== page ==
Cape Town - Kenneth Kaunda contributed immensely to South Africa’s transition to democracy in 1994 and the liberation of the African continent from colonialism, Thabo Mbeki said during the inaugural Kenneth Kaunda Lecture.
The Centre for Policy Dialogue and the Kenneth Kaunda Foundation arranged the special address.
In the inaugural Kenneth Kaunda Lecture on Thursday, the former South African president paid homage to the giant that is Kenneth Kaunda, one year of after his passing.
“I say this because, as has been said, I had the great privilege of spending almost two decades in this great African city and country, constantly exposed to President Kaunda’s leadership. I am, therefore, acutely aware of the reality that I will be speaking today of an outstanding African patriot who was, to the end of his life, my own leader.“
In his speech, Mbeki referred to the series of Pan African Congresses, which started in 1900, bringing together Africans on the Continent and the African Diaspora.
He recalled the famous words which came from that 1900 first Pan African Congress held in London, England.
In a message entitled “To the Nations of the World”, that Conference said: “In the metropolis of the modern world, in this the closing year of the nineteenth century, there has been assembled a congress of men and women of African blood, to deliberate solemnly upon the present situation and outlook of the darker races of mankind.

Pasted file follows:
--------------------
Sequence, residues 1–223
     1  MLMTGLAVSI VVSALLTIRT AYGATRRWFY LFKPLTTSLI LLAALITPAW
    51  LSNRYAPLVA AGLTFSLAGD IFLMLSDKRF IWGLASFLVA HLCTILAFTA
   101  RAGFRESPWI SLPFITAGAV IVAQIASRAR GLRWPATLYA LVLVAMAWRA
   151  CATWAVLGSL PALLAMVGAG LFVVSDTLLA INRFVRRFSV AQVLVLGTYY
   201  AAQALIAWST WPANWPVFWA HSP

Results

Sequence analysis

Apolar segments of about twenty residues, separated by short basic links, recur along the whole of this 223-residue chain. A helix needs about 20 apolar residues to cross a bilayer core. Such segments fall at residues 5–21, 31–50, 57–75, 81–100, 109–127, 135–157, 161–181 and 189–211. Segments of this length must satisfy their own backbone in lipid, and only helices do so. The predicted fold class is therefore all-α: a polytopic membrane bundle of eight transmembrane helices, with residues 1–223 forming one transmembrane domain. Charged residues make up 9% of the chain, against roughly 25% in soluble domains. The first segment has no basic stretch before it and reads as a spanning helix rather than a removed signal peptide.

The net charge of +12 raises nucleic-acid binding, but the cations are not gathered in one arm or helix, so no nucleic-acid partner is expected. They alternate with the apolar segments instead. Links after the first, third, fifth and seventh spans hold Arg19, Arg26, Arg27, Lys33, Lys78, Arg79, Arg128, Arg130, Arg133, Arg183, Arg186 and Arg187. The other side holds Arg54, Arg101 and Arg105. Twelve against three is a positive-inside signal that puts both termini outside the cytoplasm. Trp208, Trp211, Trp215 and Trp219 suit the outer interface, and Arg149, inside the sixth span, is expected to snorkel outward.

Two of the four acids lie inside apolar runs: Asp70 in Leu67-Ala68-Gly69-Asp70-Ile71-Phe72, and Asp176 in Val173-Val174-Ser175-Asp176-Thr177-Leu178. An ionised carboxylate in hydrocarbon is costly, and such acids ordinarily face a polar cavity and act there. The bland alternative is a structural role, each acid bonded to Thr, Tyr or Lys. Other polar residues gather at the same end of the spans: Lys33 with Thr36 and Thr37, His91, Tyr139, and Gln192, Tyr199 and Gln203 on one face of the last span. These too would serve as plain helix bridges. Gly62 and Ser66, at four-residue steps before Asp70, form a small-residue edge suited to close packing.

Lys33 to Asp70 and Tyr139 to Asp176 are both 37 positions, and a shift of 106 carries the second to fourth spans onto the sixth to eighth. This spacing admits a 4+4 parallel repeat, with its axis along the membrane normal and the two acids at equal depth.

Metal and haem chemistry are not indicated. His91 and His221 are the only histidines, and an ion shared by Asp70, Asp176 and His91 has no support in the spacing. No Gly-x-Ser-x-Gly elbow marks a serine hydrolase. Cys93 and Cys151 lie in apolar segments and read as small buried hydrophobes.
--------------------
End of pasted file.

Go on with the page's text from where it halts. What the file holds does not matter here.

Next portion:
Mbeki said that the problem of the twentieth century was the problem of the colour line, the question as to how far differences of race - which show themselves chiefly in the colour of the skin and the texture of the hair - will hereafter be made the basis of denying to over half the world the right of sharing to utmost ability the opportunities and privileges of modern civilisation.
Mbeki said that the message also said, among other things that, “let not the natives of Africa be sacrificed to the greed of gold, their liberties taken away, their family life debauched, their just aspirations repressed, and avenues of advancement and culture taken from them.”
“Let not the cloak of Christian missionary enterprise be allowed in the future, as so often in the past, to hide the ruthless economic exploitation and political downfall of less developed nations, whose chief fault has been reliance on the plighted faith of the Christian church.”
The former statesman said that he has been talking about words spoken by Africans in 1900, which provided the firm basis on which Kenneth Kaunda and his peers stood as they engaged in political struggle 50 years later in the 1950s.
Mbeki said that Kenneth Kaunda played a leading role in the historic organisations of the Zambian struggle for liberation from colonial rule – the Northern Rhodesia African National Congress, the Zambian African National Congress and the United National Independence Party, UNIP – and led the cha-cha-cha civil disobedience campaign.
“It is an established historical fact that the struggle for the total liberation of Africa from colonialism and apartheid was hardest in our region of Southern Africa and, of course, in Algeria and Kenya as well.
Mbeki said that the reason for this is easy to identify. It is simply settler colonialism.
“As all of us know, there was a large French settler population in Algeria, which then left Algeria as the French government conceded to the demand of the Algerian people, led by the FLN, for independence.
Zambia held a national ceremony recently to mark the first anniversary of the death of the country's founding leader Kenneth Kaunda.
Hakainde Hichilema, the Zambian president, attended the ceremony held at the Cathedral of the Holy Cross, along with other top government officials.
Hichilema lauded the accomplishments of the late leader, whom he described as a great teacher not only to Zambia but also to Africa and the rest of the world.